This thought-provoking piece by the eclectic Robert X. Cringely caught my eye today. Here, Cringely quotes a friend who was an engineer but changed careers and became a high school math teacher:
“The problem is that I’ve found that all these things that are purported to improve student learning ignore the number one factor in student success, which is the student’s attitude toward learning and motivation,” wrote my new friend the math teacher. “The truth is that if students are motivated to learn, they will learn, pretty much regardless of the specific format or technology that is used in the lessons themselves. Conversely, if a student is not interested in learning, the details of how lessons are presented, technology, etc. don’t matter very much…the student will find whatever way is available to avoid learning…they may socialize with their neighbors, or frequently ask to leave the classroom to go to the bathroom, or simply try to tune out and take a nap during class. Thus, while we focus on how teachers teach, I’m finding that the real key to student success is not so much how you teach but how you go about motivating students to want to learn, and how the systems you use in the classroom help support and encourage students to succeed even when they are not intrinsically motivated by the subject.”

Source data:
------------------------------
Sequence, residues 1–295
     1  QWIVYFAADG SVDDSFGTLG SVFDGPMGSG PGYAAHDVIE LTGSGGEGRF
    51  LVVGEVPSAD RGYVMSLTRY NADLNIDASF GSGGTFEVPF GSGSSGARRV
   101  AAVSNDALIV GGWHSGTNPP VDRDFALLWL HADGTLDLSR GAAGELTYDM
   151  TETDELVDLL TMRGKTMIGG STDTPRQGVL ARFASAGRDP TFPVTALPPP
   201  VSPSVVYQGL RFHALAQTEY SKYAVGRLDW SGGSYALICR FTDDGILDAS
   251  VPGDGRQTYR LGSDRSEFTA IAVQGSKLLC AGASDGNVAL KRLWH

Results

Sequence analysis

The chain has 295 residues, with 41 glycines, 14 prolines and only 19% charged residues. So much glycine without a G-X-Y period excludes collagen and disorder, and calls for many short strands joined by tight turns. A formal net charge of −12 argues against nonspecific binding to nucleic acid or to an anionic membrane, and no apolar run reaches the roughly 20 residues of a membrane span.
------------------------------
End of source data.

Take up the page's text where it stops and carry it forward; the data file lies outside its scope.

Motivated students succeed, but since every student is different and every student has a different way to learn best, unless we can design an individual curriculum for each kid, the system won’t be optimized. . . . The only solution I can see is one teacher per student. And the only way something close to that is going to happen is through technology. And it’s coming.
Cringely is often on the edge, or over it, but always provocative. He’s right to focus on the problem of motivation, or inspiration, but I’m not persuaded that technology of any sort can somehow inspire every student. That takes a culture, a family, an environment, and contact with inspired and inspiring teachers.